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Runlevel 3 and 4 are identical, but 4 is the DM startup.

To be fair, you could do it this way, but basically, rc.4 is just an add-on to rc.3. rc.3 is what really runs, even if rc.4 is activated. Calling rc.sysinit from rc.3 during halt is correct due to how the process tree is laid out.

During shutdown it basically goes in this order:

1. rc.local_shutdown kills all local services.
2. rc.sysinit kills any sysvinit compatibility scripts.
3. services started by rc.M are stopped.
4. services started by rc.S are stopped.
5. system is remounted read-only and halted.

1 and 2 will always be called first even if in runlevel 3 or 4, though rc.4 is not a true runlevel, it's mainly runlevel 3 executed with the addition of a display manager, so realistically it's still runlevel 3.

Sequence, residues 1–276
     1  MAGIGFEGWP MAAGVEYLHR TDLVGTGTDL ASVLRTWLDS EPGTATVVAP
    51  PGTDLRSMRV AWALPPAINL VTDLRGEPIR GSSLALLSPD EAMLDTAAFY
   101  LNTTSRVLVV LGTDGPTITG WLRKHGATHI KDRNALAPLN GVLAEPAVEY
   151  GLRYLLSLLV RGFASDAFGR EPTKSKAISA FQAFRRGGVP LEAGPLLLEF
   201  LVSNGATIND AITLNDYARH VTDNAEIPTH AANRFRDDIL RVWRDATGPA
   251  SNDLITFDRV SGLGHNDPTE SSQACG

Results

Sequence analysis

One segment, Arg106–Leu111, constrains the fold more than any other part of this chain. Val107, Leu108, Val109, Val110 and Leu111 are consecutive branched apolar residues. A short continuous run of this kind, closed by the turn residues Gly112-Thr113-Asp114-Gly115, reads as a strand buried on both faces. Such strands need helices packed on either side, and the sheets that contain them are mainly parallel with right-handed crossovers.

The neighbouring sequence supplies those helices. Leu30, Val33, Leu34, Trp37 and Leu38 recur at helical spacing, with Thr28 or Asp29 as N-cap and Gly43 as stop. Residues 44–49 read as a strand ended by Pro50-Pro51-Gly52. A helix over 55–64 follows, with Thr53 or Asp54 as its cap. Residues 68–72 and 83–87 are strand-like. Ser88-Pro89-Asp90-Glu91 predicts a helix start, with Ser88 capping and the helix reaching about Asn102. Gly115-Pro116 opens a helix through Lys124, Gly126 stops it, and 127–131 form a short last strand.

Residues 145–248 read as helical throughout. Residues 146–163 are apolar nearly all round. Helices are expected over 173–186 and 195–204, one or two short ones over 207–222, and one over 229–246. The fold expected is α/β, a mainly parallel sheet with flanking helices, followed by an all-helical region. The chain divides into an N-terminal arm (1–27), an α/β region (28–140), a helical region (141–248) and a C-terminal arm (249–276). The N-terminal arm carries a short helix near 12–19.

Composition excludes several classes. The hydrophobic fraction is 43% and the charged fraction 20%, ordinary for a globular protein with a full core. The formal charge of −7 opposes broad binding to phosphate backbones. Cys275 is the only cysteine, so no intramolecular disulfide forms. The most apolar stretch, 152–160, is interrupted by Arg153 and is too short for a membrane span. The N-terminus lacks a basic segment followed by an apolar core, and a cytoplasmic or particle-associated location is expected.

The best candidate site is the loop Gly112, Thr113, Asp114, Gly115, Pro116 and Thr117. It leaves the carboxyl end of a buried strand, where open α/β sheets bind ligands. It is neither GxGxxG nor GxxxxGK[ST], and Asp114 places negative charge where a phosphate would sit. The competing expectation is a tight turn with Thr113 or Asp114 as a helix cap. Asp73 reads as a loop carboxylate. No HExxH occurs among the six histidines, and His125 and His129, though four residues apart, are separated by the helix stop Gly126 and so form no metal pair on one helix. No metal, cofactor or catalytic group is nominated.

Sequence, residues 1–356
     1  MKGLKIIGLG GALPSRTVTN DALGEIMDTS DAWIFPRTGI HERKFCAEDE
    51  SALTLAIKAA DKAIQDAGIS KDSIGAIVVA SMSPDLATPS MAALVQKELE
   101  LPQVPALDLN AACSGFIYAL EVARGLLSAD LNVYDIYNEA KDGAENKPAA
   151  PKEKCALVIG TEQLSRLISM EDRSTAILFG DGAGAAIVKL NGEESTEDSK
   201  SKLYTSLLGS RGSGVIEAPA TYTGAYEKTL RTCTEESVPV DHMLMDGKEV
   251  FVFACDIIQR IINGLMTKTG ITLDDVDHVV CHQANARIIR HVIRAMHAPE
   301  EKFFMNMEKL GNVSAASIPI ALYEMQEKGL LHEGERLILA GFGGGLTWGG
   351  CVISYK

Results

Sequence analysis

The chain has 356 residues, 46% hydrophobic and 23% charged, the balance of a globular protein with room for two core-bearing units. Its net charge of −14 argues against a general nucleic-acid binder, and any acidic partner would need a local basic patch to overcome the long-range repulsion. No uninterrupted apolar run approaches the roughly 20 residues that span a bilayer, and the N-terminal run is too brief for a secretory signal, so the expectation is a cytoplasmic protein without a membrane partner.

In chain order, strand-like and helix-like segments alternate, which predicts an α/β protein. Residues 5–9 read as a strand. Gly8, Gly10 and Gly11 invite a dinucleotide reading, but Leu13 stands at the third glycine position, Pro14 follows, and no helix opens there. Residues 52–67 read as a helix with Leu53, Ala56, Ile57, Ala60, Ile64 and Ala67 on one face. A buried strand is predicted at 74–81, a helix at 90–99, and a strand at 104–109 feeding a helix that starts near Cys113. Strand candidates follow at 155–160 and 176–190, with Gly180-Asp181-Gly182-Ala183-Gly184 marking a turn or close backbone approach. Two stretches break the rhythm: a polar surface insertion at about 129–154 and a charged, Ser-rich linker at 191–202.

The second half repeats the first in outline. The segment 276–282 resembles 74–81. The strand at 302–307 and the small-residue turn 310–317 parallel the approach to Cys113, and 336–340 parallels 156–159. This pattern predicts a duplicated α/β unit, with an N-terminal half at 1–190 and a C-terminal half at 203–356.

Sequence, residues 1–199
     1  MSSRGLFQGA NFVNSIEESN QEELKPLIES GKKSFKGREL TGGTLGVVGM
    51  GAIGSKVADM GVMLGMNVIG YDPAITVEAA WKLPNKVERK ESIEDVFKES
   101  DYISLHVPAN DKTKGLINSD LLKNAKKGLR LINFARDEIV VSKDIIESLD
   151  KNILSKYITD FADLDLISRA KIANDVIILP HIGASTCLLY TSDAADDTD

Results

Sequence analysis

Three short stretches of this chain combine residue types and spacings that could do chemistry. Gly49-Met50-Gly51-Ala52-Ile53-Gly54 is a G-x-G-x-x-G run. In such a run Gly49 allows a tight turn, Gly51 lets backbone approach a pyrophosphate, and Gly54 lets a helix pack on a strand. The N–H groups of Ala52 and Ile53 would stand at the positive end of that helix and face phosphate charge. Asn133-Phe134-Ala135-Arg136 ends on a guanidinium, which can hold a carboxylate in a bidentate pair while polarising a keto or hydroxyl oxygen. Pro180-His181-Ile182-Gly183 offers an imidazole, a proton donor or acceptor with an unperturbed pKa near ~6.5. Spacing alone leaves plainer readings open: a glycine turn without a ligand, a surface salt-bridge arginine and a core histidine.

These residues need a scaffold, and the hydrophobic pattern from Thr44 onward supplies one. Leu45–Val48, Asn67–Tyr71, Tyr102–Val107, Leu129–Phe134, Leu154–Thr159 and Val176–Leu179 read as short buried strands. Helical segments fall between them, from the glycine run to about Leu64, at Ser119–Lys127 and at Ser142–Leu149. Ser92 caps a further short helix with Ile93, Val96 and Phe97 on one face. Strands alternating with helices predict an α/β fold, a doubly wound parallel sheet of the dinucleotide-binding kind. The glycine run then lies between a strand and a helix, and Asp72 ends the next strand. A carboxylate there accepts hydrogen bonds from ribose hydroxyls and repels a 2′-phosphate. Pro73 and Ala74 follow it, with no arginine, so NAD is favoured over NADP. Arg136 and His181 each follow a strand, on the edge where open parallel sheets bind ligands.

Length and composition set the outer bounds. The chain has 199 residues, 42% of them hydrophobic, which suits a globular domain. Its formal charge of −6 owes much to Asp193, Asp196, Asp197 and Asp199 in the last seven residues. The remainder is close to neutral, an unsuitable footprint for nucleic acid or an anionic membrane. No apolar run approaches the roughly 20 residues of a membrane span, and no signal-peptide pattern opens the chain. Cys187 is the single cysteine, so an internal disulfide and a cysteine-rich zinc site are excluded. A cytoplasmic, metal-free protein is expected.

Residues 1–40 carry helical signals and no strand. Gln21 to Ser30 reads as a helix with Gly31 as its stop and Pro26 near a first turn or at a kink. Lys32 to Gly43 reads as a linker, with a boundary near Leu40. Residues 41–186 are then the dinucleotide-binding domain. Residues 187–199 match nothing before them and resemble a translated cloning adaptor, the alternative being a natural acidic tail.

You have to kill the tree correctly in order to have a proper shutdown, or else the local disk won't be dismountable and you'll end up with a corrupted journal and need to run fsck.#### each startup.
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Old 11-22-2015, 07:49 AM   #3
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I'm not so sure about clearing out the locks in rc.S. Speaking from experience as a sysadmin, you don't always want things to startup automatically after an abrupt halt. Sometimes there will be recovery actions to take and the locks may be useful in preventing things from restarting prematurely, but I guess it all depends on the thing being started and you can look at it both ways.

On the rc.sysvinit thing, OP is correct: it runs the wrong kill scripts. It sounds unintuitive but sysvinit should run the kill scripts for the runlevel it is switching to, not the run level it is switching from. I've noticed it before but as I've never actually seen anyone using it on slackware, I didn't bother raising the issue.

Last edited by GazL; 11-22-2015 at 07:51 AM.
Old 11-22-2015, 09:00 AM   #4